The head of the UK financial watchdog says the intensity and scale of regulatory action in recent years is not sustainable. Such candour is welcome.
It is refreshing that the acting chief executive of the UK’s financial regulator has warned about the dangers of excessive red tape on the industry. It is high time the sector was free to focus more on growth.
Tracey McDermott, acting CEO at the Financial Conduct Authority, told a City banquet in London’s Mansion House that the “intensity and volume of regulatory activity over recent years is not sustainable – for regulators or for the industry”. She added that her colleagues are often told that boards now spend most of their time on regulatory matters and that if this continues, it will “crowd out the creativity, innovation and competition which should present the opportunities for growth in the future”.
That there is a problem with regulatory overload cannot be doubted. The UK’s financial sector is just over a year away from having to deal with the European Union’s MiFID 2 directive, details of which remain to be hammered out; the alternative investment sector in the European Union has seen the arrival of AIFMD, and of course the UK, along with other jurisdictions, has felt the weight of extra-territorial US tax compliance efforts in the form of the FATCA legislation. The Retail Distribution Review is now almost two years old and continues to make itself felt. The FCA continues its drive to scrutinise services and products to ensure they are “suitable” – a sometimes question-begging term; directors of financial organisations face stiffer penalties for wrongdoing.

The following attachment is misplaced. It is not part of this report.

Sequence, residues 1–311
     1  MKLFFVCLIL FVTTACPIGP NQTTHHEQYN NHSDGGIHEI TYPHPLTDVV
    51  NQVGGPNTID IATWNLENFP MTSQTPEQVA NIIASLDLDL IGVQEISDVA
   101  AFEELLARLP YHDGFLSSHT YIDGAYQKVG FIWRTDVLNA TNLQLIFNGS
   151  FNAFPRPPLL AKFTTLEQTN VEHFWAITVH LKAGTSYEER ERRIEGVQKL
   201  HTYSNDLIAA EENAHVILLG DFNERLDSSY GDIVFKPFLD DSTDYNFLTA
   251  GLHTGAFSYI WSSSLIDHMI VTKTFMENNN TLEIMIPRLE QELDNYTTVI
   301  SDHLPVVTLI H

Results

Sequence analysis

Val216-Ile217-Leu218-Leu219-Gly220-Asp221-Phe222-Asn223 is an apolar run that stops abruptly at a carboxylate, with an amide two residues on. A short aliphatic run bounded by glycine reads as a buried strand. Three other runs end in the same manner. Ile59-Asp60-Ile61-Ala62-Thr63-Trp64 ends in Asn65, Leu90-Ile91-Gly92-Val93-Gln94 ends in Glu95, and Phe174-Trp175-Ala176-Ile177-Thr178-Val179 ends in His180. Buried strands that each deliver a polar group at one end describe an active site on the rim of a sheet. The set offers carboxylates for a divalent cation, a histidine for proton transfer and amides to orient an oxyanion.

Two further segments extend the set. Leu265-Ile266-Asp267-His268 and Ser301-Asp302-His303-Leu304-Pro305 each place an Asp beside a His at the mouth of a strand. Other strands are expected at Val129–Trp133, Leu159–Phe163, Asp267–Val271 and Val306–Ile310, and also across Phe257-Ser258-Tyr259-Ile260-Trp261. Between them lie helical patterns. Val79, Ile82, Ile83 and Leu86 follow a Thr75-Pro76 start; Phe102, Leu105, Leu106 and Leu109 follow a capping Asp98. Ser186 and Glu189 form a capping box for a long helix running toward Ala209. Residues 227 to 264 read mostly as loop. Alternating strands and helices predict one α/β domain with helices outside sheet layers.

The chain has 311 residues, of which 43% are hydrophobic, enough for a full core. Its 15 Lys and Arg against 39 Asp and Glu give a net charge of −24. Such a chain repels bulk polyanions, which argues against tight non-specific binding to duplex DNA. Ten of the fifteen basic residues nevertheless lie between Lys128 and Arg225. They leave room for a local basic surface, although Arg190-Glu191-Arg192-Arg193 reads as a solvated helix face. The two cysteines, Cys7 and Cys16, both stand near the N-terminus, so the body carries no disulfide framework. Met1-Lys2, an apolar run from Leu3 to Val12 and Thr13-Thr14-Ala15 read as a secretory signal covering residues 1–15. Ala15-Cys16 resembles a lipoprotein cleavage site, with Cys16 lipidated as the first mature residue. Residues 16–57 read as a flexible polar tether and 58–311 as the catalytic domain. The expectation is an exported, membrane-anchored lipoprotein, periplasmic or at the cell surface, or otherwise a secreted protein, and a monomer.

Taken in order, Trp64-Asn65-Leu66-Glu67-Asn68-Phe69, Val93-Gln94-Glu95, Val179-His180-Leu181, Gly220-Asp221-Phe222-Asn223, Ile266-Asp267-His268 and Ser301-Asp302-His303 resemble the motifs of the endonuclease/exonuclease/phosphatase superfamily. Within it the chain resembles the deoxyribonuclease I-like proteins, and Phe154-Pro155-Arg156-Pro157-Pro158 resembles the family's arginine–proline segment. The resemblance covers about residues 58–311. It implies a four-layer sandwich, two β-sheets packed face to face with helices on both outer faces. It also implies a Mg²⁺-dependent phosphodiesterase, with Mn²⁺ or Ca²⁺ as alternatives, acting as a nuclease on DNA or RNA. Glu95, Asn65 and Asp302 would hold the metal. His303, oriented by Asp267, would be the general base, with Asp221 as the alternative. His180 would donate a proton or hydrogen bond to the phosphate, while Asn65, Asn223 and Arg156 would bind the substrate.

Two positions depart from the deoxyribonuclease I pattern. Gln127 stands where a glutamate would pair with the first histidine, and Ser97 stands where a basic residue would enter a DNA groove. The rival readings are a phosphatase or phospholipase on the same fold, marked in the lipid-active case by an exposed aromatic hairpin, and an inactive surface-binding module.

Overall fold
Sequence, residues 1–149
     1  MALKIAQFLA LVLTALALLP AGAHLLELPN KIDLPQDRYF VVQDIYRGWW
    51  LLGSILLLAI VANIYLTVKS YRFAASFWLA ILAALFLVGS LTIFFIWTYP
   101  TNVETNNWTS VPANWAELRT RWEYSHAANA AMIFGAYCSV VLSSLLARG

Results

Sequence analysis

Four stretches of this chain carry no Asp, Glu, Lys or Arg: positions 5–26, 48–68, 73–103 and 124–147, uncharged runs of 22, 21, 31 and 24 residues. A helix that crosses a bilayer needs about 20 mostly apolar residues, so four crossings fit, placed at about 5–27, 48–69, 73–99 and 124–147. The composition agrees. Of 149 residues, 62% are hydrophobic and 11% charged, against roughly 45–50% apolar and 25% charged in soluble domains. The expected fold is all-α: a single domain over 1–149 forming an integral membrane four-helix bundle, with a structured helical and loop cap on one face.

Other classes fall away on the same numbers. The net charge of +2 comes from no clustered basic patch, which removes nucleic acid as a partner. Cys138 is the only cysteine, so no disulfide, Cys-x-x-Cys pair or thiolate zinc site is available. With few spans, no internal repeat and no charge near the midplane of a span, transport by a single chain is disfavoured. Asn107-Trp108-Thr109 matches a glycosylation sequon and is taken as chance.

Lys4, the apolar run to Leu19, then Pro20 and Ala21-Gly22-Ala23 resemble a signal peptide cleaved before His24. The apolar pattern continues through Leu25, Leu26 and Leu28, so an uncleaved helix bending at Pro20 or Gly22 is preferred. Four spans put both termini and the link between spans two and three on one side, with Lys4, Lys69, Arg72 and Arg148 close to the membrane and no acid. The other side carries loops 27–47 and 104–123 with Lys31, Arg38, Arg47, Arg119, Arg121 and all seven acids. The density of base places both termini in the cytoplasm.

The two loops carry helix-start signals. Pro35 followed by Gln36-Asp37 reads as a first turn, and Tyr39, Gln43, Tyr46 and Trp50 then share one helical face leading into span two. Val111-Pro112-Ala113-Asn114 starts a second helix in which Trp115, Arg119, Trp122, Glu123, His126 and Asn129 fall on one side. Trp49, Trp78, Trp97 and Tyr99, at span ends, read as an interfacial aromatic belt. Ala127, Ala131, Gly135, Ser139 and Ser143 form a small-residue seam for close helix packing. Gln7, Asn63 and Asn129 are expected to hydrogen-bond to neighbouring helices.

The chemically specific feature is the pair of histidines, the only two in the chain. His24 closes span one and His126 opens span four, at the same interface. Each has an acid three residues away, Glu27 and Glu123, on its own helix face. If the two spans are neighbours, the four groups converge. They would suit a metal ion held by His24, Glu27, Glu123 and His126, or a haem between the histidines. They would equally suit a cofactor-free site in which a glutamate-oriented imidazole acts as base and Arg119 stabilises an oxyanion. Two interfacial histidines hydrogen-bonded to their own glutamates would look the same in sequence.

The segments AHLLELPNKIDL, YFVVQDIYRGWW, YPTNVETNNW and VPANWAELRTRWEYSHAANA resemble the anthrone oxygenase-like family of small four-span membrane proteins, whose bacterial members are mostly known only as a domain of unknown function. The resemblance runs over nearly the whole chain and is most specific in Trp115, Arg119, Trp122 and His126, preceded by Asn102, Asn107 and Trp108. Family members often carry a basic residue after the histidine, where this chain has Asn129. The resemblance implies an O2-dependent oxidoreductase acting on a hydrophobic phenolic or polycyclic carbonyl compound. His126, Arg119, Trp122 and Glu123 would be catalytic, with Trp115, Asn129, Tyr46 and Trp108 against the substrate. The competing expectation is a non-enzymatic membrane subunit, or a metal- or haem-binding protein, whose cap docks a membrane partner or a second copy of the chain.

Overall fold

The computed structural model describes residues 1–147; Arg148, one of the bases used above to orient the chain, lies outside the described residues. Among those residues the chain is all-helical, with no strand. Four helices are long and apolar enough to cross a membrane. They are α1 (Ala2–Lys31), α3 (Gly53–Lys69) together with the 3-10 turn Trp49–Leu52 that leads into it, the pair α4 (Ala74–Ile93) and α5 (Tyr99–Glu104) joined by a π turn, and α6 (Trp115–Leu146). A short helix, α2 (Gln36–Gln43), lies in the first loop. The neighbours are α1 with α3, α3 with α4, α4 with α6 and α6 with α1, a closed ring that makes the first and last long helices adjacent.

No wonder the compliance sector is booming. Robert Walters, the recruitment firm, said recently that “a series of regulatory changes has created the need for professionals to oversee change projects, triggering demand for projects specialists”. It noted that in July 2015 the number of regulatory-related vacancies was up 10 per cent year-on-year, while the number of candidates fell 38 per cent over the same period. In other words: supply cannot keep pace with demand and that means bigger salaries. That may be wonderful news for some professionals but what of the end-consumer in the long run?
A survey of 600 globally significant financial institutions by Thomson Reuters, issued in May this year, found that the regulatory splurge is causing real problems. For example, compliance officers express regulatory fatigue and overload. Some 70 per cent of firms expect regulators to publish even more regulatory information in the next year, with 28 per cent expecting significantly more. Another finding is that 59 per cent of all respondents (53 per cent in 2014) expect the personal liability of compliance officers to increase in 2015, with 15 per cent expecting a significant increase. And some 69 per cent of respondents expect the cost of senior compliance professionals to increase in 2015.